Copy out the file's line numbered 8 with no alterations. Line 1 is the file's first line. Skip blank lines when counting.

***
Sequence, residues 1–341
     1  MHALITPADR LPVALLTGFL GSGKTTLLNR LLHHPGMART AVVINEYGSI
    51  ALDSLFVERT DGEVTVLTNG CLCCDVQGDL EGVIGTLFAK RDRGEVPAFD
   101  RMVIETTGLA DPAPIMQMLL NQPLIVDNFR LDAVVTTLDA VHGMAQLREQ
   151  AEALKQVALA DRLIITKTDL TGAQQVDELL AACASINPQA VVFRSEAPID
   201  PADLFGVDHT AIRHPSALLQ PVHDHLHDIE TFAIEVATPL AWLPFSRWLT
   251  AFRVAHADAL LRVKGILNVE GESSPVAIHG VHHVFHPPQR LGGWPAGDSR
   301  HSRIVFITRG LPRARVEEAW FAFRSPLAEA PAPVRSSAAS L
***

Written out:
   301  HSRIVFITRG LPRARVEEAW FAFRSPLAEA PAPVRSSAAS L